The Archives Service Center (ASC) at the University of Pittsburgh acquired the Allegheny County Coroner Case Files in 1982. These files document the legal and medical proceedings of untimely and suspicious deaths from 1887 to 1973. Their wealth of information includes witness accounts and affidavits, physician’s notes, press reports, legal documents, photographs and reports of re-enactments.
In 2007, the ASC received a grant from the Pennsylvania Historical and Museum Commission to preserve and make accessible to the public the 867 tightly packed boxes of coroner case files. Many of the files were in poor condition. Each was trifolded and wrapped with corroded rubber bands. A layer of fine coal dust coated everything. Between January 2007 and May 2008, the ASC staff and 26 students worked to rearrange the documents into their original order by case file number. Students gently removed decaying metal fasteners, carefully unfolded the brittle papers, flattened the documents and placed them into new folders. All folders were stored in acid-free boxes.
Before the project, retrieving case files was a time-consuming affair because the collection lacked an index. You had to know the date of death in order to conduct an effective search. To improve access, the ASC staff worked along with the students’ processing efforts to create a name index. The result: a database of approximately 206,000 individual names, dates and docket numbers. Now, with just a first and last name, archivists can determine if a file exists within seconds.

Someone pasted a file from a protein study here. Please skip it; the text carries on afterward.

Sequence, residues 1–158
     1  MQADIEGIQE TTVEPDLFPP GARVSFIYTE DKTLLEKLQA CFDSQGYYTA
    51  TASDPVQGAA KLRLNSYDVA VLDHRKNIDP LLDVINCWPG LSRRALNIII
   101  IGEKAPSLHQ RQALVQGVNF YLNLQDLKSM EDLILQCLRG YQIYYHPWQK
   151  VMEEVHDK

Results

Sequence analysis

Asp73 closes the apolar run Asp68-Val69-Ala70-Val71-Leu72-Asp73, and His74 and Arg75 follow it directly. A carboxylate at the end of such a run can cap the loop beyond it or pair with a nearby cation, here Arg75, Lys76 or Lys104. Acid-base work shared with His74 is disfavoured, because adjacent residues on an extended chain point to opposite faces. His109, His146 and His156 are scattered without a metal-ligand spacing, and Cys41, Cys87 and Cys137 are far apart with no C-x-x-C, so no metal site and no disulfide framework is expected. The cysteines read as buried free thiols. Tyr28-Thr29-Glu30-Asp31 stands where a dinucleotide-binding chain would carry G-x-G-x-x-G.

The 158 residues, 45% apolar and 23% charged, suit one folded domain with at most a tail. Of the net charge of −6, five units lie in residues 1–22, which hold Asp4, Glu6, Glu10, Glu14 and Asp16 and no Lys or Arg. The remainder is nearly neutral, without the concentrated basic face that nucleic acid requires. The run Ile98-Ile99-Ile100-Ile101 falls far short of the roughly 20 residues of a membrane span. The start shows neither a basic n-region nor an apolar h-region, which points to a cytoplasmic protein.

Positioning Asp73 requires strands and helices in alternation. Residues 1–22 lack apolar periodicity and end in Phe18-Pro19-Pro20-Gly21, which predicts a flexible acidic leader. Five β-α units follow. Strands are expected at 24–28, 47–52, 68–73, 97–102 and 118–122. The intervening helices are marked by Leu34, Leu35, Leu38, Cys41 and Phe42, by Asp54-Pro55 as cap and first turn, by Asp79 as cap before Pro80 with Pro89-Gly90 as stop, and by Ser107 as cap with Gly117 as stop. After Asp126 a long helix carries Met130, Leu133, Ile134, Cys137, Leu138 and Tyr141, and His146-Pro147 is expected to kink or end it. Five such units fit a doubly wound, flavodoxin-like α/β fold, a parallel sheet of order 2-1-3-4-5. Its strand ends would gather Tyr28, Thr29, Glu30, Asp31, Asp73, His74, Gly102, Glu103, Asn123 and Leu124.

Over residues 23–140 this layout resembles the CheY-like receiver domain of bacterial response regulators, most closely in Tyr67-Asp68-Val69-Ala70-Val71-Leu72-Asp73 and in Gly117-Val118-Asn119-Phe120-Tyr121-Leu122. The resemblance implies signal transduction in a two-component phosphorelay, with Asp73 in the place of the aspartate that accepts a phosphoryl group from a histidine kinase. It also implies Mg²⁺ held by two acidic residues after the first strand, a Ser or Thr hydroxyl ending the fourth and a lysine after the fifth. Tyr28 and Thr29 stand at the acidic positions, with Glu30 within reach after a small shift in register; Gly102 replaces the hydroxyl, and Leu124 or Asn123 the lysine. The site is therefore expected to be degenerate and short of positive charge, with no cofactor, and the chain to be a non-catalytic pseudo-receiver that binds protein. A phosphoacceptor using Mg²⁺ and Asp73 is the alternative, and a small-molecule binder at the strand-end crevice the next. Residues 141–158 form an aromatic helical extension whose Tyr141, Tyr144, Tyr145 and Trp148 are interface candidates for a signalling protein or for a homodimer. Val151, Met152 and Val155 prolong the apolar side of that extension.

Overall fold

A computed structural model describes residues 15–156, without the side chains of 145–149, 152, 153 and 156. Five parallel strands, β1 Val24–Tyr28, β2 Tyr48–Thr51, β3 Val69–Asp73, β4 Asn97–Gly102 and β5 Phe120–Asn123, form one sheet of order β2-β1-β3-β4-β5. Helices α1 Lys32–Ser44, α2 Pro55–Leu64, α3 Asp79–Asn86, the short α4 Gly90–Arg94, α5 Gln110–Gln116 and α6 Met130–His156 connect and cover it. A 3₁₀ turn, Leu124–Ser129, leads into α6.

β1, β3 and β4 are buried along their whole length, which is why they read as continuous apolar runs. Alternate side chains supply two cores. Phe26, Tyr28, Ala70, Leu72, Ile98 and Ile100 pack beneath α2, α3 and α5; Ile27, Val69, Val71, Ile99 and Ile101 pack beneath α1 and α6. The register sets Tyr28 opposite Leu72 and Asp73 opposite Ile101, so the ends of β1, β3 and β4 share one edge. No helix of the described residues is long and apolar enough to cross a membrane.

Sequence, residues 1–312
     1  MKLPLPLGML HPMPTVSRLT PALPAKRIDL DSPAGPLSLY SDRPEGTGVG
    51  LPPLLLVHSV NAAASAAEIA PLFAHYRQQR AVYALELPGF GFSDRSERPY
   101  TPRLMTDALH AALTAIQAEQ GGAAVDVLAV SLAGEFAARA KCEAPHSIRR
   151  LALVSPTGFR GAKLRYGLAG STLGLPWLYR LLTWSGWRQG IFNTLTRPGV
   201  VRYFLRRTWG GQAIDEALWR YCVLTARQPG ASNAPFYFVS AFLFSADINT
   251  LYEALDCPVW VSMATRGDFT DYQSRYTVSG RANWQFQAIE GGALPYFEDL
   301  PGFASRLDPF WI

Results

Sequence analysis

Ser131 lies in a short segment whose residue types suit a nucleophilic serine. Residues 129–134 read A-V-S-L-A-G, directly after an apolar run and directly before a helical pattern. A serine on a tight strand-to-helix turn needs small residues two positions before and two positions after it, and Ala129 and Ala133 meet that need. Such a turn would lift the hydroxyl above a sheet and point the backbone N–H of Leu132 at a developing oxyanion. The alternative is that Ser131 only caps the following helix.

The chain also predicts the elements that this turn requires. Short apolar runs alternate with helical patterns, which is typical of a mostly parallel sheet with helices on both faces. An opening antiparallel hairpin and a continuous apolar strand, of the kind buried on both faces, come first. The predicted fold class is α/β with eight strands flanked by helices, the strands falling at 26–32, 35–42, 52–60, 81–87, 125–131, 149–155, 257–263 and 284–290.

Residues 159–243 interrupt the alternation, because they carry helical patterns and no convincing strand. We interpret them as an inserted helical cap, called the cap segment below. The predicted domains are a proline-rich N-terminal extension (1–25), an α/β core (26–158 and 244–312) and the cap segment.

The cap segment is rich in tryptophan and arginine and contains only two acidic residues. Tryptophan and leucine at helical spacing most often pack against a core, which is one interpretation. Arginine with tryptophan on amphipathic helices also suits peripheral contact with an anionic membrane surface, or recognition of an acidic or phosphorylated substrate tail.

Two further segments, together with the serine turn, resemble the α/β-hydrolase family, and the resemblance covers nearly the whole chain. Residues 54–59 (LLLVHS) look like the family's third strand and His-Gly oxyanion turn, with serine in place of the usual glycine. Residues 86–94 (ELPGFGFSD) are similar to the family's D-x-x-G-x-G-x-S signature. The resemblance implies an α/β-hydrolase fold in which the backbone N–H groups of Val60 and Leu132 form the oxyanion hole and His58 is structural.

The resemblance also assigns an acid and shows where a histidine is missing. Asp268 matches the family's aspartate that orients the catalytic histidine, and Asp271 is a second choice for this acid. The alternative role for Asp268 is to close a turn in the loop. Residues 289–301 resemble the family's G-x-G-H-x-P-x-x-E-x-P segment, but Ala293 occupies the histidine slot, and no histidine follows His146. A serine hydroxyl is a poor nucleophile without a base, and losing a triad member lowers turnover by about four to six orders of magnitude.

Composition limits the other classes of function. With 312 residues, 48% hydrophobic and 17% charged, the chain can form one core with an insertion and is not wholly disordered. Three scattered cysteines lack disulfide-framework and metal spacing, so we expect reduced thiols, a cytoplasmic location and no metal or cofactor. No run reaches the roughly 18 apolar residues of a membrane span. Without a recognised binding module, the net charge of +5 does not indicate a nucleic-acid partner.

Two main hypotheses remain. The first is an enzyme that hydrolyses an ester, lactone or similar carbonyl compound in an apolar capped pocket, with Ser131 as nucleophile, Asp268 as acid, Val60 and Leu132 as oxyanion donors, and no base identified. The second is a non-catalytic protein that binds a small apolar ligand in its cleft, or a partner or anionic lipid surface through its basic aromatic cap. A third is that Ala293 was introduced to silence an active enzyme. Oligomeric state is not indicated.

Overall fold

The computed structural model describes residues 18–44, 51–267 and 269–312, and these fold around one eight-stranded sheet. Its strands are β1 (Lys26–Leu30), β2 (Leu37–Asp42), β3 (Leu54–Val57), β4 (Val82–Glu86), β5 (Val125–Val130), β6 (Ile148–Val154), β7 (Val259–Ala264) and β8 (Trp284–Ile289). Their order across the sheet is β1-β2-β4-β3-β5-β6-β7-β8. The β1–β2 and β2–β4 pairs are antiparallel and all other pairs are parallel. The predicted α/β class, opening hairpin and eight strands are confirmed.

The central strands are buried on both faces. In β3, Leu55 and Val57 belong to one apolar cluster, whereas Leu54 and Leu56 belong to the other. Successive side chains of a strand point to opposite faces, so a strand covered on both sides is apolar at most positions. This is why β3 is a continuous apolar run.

The coroner case file records reveal stories of working conditions, industrial accidents, epidemics and other health care issues. For example, the students counted 400 deaths a month from October 1918 to February 1919, when the influenza epidemic hit hard. Affidavits written by close family or friends lend a personal, emotive quality not usually seen in public records. Such testimony can provide details of family life, including who was caring for the sick and economic situations that might’ve prevented proper care.
Occasionally, ASC students even found samples of poisonous substances used to commit suicide, such as a strychnine sulfate tablet in a woman’s 1919 case file. The file of a person murdered in a barroom brawl contained fragments of the tobacco pipe used to bludgeon the victim. The slivers had been removed from the dead man’s skull.
Learn more about this collection in the online finding aid, which you can access by searching the ASC site
’s collection guides for Allegheny County Coroner.
Wendy Pflug, ASC Reference Archivist